Unfortunately when we visited Sagada, there was no nightlife in this side of the planet. Even the restaurants closes shop early and we found ourselves knocking at any available place to dine after our exhausting caving and spellunking.
Dress Code: Flashlights or outdoor lamps
Nothing fancy about this place and can only accommodate few guests. So if you want someplace not crowded go to this place if there’s still space left for you. I tried this one because I’m too tired to go farther up from George Guesthouse. The bar only plays soft music and their Redhorse beer costs P40 pesos.
I love this bar located in front of Igorot Inn. It is frequented by foreigners because of its international ambiance and they have good singer that belted out mixed and reggae music. I think this one is the only place where you can party while listening to live music. It is also a good place to mingle with fellow tourist and exchange experiences about the town.
After having our quick afternoon nap to recharge ourselves, our group then headed to Lake Danum for our Bonfire Dinner. We've just waited in our Guest House's mini-living room for Sir Raymond and his SAGGAS acquaintances, who were then buying some bonfire foods and their very special viand called "Pinikpikang Manok" that they've suggested for our dinner. Lake Danum ia a small lake which can be found at the borders of Sagada and its neighboring municipality, Besao. Lake Danum, which literally means “lake water,” is four (4) kilometers away from the municipal hall of Sagada, so we decided to hire a jeepney (but Sir Ray was able to get us a comfortable van!) that would bring us to the bonfire ground. We were supposed to catch the sunset at the lake, for it's also been known as a perfect spot for sunset viewing, but unfortunately, the weather turned bad as the rain started to fall at around 1300-0330, so we didn't get the chance to capture the sunset. But our adventure wouldn't be completed without our Bonfire Dinner experience, so we've decided to push it through despite of the sudden weather changed, and just prayed that everything would work out just fine once we started our bonfire dinner (otherwise, we're goin to have our petromax dinner inside our van, nyahaha).
FELLOWSHIP UNDER THE STARS: A GREAT BONFIRE DINNER
It was already past five when the sky started to clear, so we then proceeded to our last rendezvous together with of course our wholehearted guides (Sir Raymond, Sir Erwin & David).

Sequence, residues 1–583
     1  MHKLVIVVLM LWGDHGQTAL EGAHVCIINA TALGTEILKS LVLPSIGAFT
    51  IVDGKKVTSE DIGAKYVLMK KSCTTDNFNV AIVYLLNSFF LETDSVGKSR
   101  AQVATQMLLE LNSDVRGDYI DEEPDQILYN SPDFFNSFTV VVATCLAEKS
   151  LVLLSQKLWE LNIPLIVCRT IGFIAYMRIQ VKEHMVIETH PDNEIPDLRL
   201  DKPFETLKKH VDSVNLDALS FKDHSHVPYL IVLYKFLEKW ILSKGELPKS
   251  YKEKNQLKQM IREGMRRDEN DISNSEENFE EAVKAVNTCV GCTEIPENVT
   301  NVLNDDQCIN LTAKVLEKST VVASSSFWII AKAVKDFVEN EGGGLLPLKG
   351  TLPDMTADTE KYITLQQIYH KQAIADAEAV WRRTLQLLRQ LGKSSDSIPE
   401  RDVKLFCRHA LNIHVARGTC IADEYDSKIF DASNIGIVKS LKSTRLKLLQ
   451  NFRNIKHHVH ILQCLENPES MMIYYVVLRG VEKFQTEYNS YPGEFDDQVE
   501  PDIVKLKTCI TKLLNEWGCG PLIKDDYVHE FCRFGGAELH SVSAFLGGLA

We were chasing the sunset along the valley as our van tackled the uneven clay road up to the lake. The sky was heavily overcast and the sun was unfortunately unable to break
through the thick flat clouds that covered the heavens.
We arrived at the Lake around six in the evening. It took us one hour to reach the place because of our stop-overs at Youghurt House and Souvenir Shop. It looks like the the lake has been reserved for our group that evening, because nobody among the tourist in Sagada had bravely tried to have a bonfire or just a visit at the lake that evening. Perhaps, they weren't a risk-taker like us who would challenge the unpredictable weather. The moment we stepped out of the van, we got an answered prayer, because the heavily overcast sky that afternoon had turned into a beautiful night. The sky that evening was covered with a blanket of thousands of stars, that seemed like falling on the other side of the Lake (gee, the other stars were amazingly surprising because they're at the ground level that i thought was just a light from a forest house!). A visit to the lake may not be as beautiful if the purpose is to see the sunset, however, there is still a magic in this tranquil lake during the cold night, and it could still be the best picnic ground for dinner and some drinks over a bonfire. I could say that this is the perfect spot to enjoy the nightlife in Sagada where you could have bonfire dinner/gatherings, overnight camping/jamming/parties or even just a simple stargazing (you could asked your guide to have it arranged for you). It is a silty lake carpeted of thick grass (a carabao grass, if i'm not mistaken) surrounded by layered of trees in a misty forest going up to Mt. Ampacao. And though it rained, the ground was surprisingly clean, without any traces of muds or patches of rainwater.